You may remember me blogging back in October when i participated in the Heart Walk festivities at Tom Brown Park. This Friday I get to participate again at AHA‘s Annual Heart Ball. The proceeds from this shindig benefit the American Heart Association and the research and programs they offer.

Mostly I want to share a letter from my sister that she sent out to all of her friends, family and coworkers telling the story of the last 7 years with her amazing daughter and the struggles they have been through and the hurdles they have leapt. If you can come out to the Heart Ball, come! If not, consider sending a donation to…

American Heart Association
Greater Southeast Affiliate

ATTN: KIM ROOKS
2851 Remington Green Circle Suite C
Tallahassee, FL 32308

From: kim.rooks@heart.org

Subject: My daughter, Taylor Madison

Good evening! Some of you may have heard me talk about my daughter so I wanted to give you all an update, but here is a little bit of her history and what's to come.

Seven years ago last Wednesday, a miracle came into our lives, Taylor Madison. Life changed completely, and for the better. If someone had told me back then that Taylor would need nine heart surgeries by the time she was 3, I would have fallen apart and said there was no way I would be able to handle anything like that. After she was born, I wondered how I would manage to go on with life if I lost her. But God was watching over her.

We knew Taylor would need at least one, major open-heart surgery to repair her many, complicated problems. We never dreamed she would have to have nine surgeries by the age of 3. She was born with congenitally corrected transposition of the great arteries, which includes not only transposed arteries but ventricular inversion, too. She also had a ventricular septal defect and complete heart block. Outside the womb, Taylor'€™s heart was 60.

Born at Shands Childrens Hospital, Taylor needed an operation that few pediatric heart centers were capable of doing. One Florida hospital offered a palliative procedure that would keep her going until she could have a transplant. Children€™s Hospital Boston said it could perform a relatively new, but promising procedure called the double-arterial switch, which would not just be a hold-over until transplant, but a correction that would allow Taylor to live a normal life. We chose Boston and Taylor was the 29th patient to undergo the double-switch procedure at Boston.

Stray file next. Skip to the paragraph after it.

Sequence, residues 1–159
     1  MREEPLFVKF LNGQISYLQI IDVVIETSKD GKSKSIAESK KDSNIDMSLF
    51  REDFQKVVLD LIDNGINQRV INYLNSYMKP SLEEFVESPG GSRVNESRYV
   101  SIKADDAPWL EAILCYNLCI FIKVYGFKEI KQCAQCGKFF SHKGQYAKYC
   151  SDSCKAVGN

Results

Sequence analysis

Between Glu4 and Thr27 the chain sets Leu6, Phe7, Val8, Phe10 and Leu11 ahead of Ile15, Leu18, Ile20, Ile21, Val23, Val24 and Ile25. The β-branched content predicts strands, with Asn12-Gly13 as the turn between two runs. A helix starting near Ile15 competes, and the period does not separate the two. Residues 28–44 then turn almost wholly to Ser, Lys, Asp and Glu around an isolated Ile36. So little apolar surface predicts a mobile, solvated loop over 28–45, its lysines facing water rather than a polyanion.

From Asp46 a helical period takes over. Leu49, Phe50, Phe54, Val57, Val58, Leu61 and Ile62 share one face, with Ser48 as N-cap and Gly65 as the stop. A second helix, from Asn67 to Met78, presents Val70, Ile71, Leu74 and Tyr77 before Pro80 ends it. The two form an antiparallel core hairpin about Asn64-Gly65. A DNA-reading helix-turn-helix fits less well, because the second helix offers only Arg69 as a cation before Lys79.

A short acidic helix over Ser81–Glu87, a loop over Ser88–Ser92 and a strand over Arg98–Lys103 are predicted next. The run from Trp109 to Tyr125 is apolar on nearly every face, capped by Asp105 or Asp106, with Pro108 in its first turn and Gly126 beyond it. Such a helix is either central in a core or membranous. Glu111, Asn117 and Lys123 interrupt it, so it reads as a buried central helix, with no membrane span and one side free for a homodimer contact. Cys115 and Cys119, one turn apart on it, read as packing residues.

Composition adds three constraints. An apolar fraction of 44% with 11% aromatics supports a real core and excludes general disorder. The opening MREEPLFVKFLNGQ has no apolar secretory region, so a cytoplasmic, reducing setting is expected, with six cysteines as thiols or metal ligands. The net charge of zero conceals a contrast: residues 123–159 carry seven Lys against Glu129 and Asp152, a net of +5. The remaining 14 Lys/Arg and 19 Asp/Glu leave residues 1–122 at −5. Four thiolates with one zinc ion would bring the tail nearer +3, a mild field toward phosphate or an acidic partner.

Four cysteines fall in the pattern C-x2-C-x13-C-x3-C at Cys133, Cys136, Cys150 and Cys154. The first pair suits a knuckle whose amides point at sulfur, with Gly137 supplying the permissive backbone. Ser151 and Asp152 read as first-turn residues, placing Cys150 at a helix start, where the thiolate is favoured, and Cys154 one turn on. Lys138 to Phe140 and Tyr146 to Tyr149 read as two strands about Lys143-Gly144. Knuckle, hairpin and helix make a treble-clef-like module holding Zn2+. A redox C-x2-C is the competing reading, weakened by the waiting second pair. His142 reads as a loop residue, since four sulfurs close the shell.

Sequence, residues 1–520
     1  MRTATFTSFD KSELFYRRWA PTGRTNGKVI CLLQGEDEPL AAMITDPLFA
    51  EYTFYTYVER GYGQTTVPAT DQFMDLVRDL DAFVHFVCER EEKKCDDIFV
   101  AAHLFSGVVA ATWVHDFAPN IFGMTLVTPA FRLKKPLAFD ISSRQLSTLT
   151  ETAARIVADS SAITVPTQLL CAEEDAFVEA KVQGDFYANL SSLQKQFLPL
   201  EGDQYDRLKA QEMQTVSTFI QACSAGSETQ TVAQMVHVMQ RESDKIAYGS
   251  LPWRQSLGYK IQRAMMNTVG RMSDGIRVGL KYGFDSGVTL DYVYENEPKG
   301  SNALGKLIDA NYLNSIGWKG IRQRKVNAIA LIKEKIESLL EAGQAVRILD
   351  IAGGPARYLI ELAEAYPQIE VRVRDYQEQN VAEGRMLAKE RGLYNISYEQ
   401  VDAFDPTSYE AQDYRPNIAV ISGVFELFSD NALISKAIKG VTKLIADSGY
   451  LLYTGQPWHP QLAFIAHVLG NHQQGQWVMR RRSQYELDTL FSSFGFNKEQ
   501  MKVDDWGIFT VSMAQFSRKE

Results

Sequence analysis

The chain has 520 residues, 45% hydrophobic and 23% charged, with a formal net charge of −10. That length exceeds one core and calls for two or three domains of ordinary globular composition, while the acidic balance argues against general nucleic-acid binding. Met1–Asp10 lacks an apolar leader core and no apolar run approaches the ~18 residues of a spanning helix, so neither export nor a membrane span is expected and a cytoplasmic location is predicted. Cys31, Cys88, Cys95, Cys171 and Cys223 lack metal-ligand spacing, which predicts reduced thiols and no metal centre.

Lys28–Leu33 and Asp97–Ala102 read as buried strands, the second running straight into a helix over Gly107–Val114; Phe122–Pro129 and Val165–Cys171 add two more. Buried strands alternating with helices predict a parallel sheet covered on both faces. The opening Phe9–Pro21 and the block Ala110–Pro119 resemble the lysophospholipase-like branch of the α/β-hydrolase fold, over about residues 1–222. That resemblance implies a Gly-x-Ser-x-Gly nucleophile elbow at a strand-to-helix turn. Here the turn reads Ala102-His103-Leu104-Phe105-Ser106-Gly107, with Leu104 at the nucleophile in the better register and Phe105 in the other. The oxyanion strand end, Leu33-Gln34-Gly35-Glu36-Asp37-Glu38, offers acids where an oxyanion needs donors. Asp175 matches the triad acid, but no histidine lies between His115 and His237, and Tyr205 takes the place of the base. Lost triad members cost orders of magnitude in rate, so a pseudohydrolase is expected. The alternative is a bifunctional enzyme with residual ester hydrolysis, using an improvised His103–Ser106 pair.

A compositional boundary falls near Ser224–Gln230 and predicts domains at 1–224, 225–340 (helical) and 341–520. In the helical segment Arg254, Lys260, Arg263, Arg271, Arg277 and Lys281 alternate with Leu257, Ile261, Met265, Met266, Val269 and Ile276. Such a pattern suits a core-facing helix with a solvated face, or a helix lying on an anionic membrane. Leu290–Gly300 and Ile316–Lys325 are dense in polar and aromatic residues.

Taylor's procedures did not always go well. At times, it seemed as though Taylor couldn'€™t get a break,€” she would go into the operating room to correct one problem and come out with another one. She suffered from life-threatening infections and pleural effusion. Complications from her surgeries left her with no function in her left ventricle. We often wondered if she would even survive, and if she did, how would all those surgeries affect her physical and mental development. But Taylor is a fighter. She survived every surgery and every hurdle in front of her. She has thrived, physically and developmentally. She is an extremely bright, exhaustingly active, incredibly independent and captivating little girl.

Watching her on her 7th birthday was a miracle, and I feel blessed that God has given Robin and me this precious gift. All birthdays are special, but the birthdays of heart children are especially remarkable and wonderful.

Now, after several years with no invasive procedures, we must prepare for Taylor to undergo surgery to replace a pacemaker lead to her heart and to replace the pacemaker itself. Pacemakers work off generators, €œbatteries€, and Taylor'€™s pacer batteries are due to run out in the next six months. It's been such a blessed and peaceful few years. It'€™s very hard, knowing she will go into the operating room again. Her surgery is scheduled for March 30th at Wolfson'€™s Childrens Hospital in Jacksonville at 12:30. Maggie Bartlett has offered to let us stay at her house while we are in Jacksonville.  She ROCKS€: THANK YOU MAGGIE!!!! Children are so sweet and unknowing, it'€™s difficult to watch any child undergo such grueling procedures. While I know in my head that pacemaker procedures should be routine, I simply cannot forget how hard Taylor'€™s previous pacemaker surgeries have been, and I worry and I'€™m afraid. But I also believe and have faith that she will come through this well. She will bounce back like never before. This will be Taylor'€™s 6th pacemaker and her 10th surgery.

I know that God has a plan for Taylor, and all his heart children. We may not understand what his plan is, but our special children are here with us for a reason. Taylor is an inspiration to me because of everything she has been through, because she has fought so hard to be here with us. She is an incredible child and even though I think she acts like her father, everyone else tells me she acts just like me. And if that really is the case, all I can tell you is: Look out, world!

To all of my co-workers:  I want this to be an inspiring message for you.  I know fundraising is not easy with the economy but the money your events raise helps save children'€™s lives too!  Research saved Taylor'€™s life and from having a heart transplant at 3 years old.  Please continue doing a great job and if you get frustrated just think of the children and adult lives that AHA has saved.

Have a great day!!!

Kim Rooks

Assistant Director/Executive Assistant

American Heart Association